The law and order situation in Kharar, which borders Mohali and Chandigarh, and is home to many private universities in the region, has been relatively alright in the past few years. However, what has transformed the region since 2014 is the infrastructural boom led by real estate developers. Even if Chandumajra were to himself take a detour through Kharar, he would have trouble navigating initially for the region has seen a complete overhaul, led by the induction of lavish real estate projects, residential and commercial areas.
The region is now a part of the integral road network that encompasses the state capital. Bypassing Chandigarh, National Highway 5, now forms the backbone of all investments in Kharar in the commercial and residential realm.
Tewari will have to find a way to counter the popularity of Modi which has witnessed a surge since the NDA government’s intense action against Pakistan. Tewari, in his campaign, has stressed on creating jobs for people in this region, but as the development in Mohali shows, the rhetoric will not help him go too far.
Mohali (SAS Nagar): Aiming to be the Silicon City of Punjab
If there is one region in Punjab that can cater to the formal employment prospects of the entire state, along with that of Himachal Pradesh and Jammu and Kashmir, it is Mohali.
In the last 10 years, the city has gone from being a little town on the outskirts of Chandigarh, famous for the Punjab Cricket Association (PCA) Stadium to a bustling city powered by real estate expansion. The more enormous developments, however, have come in the last five years, with enhanced connectivity via state and national highways. The presence of an international airport has added to the investment prospects.
Speaking to Swarajya, Ambika Kapoor, a senior human resources manager with an IT firm in Mohali, addressed the Congress rhetoric of jobs. “The availability of jobs depends on which side of the table is one sitting. There are hundreds of service companies in Mohali. Some have only five employees and are recent while some have gone from five to five hundred in the last few years. The nature of the IT industry has changed, but even today, you shall not find HRs not looking for recruitments. It is the skill development where the actual gap is, not the jobs. The ones who are willing to learn, and there are a majority of those, bag the jobs, while the rest complain of the firms being unfair, of the government not doing anything”.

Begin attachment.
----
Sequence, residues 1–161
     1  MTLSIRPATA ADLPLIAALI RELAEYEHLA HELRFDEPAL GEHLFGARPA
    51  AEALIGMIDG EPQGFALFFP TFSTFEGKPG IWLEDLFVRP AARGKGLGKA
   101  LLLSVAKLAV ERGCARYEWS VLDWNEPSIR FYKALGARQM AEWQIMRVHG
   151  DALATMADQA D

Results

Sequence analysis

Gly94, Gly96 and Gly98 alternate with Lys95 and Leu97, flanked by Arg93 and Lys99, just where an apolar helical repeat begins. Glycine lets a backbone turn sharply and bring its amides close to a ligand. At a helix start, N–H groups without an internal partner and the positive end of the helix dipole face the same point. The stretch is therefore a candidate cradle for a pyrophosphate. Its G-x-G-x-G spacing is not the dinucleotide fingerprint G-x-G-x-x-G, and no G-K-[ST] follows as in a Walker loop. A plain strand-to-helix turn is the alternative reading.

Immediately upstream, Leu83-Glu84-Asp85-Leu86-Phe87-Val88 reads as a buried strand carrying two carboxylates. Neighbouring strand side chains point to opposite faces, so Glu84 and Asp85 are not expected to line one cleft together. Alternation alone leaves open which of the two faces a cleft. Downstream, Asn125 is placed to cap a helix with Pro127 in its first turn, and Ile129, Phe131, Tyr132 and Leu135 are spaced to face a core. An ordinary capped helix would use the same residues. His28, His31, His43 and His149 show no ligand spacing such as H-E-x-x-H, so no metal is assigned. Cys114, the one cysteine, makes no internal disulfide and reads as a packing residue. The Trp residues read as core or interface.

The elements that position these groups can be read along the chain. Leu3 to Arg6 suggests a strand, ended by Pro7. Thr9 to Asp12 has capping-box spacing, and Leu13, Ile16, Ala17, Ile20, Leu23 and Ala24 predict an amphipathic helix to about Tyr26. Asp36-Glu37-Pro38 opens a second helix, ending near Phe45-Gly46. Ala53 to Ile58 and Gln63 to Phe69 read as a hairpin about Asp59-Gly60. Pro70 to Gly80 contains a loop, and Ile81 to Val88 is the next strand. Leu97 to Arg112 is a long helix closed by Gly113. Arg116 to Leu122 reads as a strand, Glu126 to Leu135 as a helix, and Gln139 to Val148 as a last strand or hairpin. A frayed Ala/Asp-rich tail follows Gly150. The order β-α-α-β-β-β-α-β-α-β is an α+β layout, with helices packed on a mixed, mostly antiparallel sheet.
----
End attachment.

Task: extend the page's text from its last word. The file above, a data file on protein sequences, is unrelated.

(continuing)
Addressing the concerns pertaining to GST and demonetisation, she further added, “Any employee, in any company in India, in their first month gets a bank kit, a debit card, and a cheque book. Some even manage a credit card in the same month. The urban population here depends on digital payments, so demonetisation wasn’t much of a shocker for us. GST, however, took some nights of our finance teams, but it is sorted now. A few training sessions with the senior management and all GST concerns were addressed”.
A CEO of a leading IT firm in Mohali elaborated upon the prospects of jobs, infrastructure development, and growth in the region. “Our company went from two floors and a hundred employees in 2015 to five floors, over four-hundred employees, and expansion in other service areas, so not sure where the talk of the economy slowing down stems for. The success story is being replicated across many other companies in Mohali”, he adds.
Addressing other concerns, he says, “the international airport will add to the connectivity of the region. Infosys is already setting up a big campus here. Hero Group has made a massive real estate investment, and other companies are following as well. The next five years are critical, and hence, the voting preferences will be dictated by what a government can deliver, not a candidate alone, so all this job creation rhetoric is pointless. MPs do not create jobs, entrepreneurs do, and we have been helped with a business-friendly atmosphere in the last five years, so our preferences are clear,” he finishes.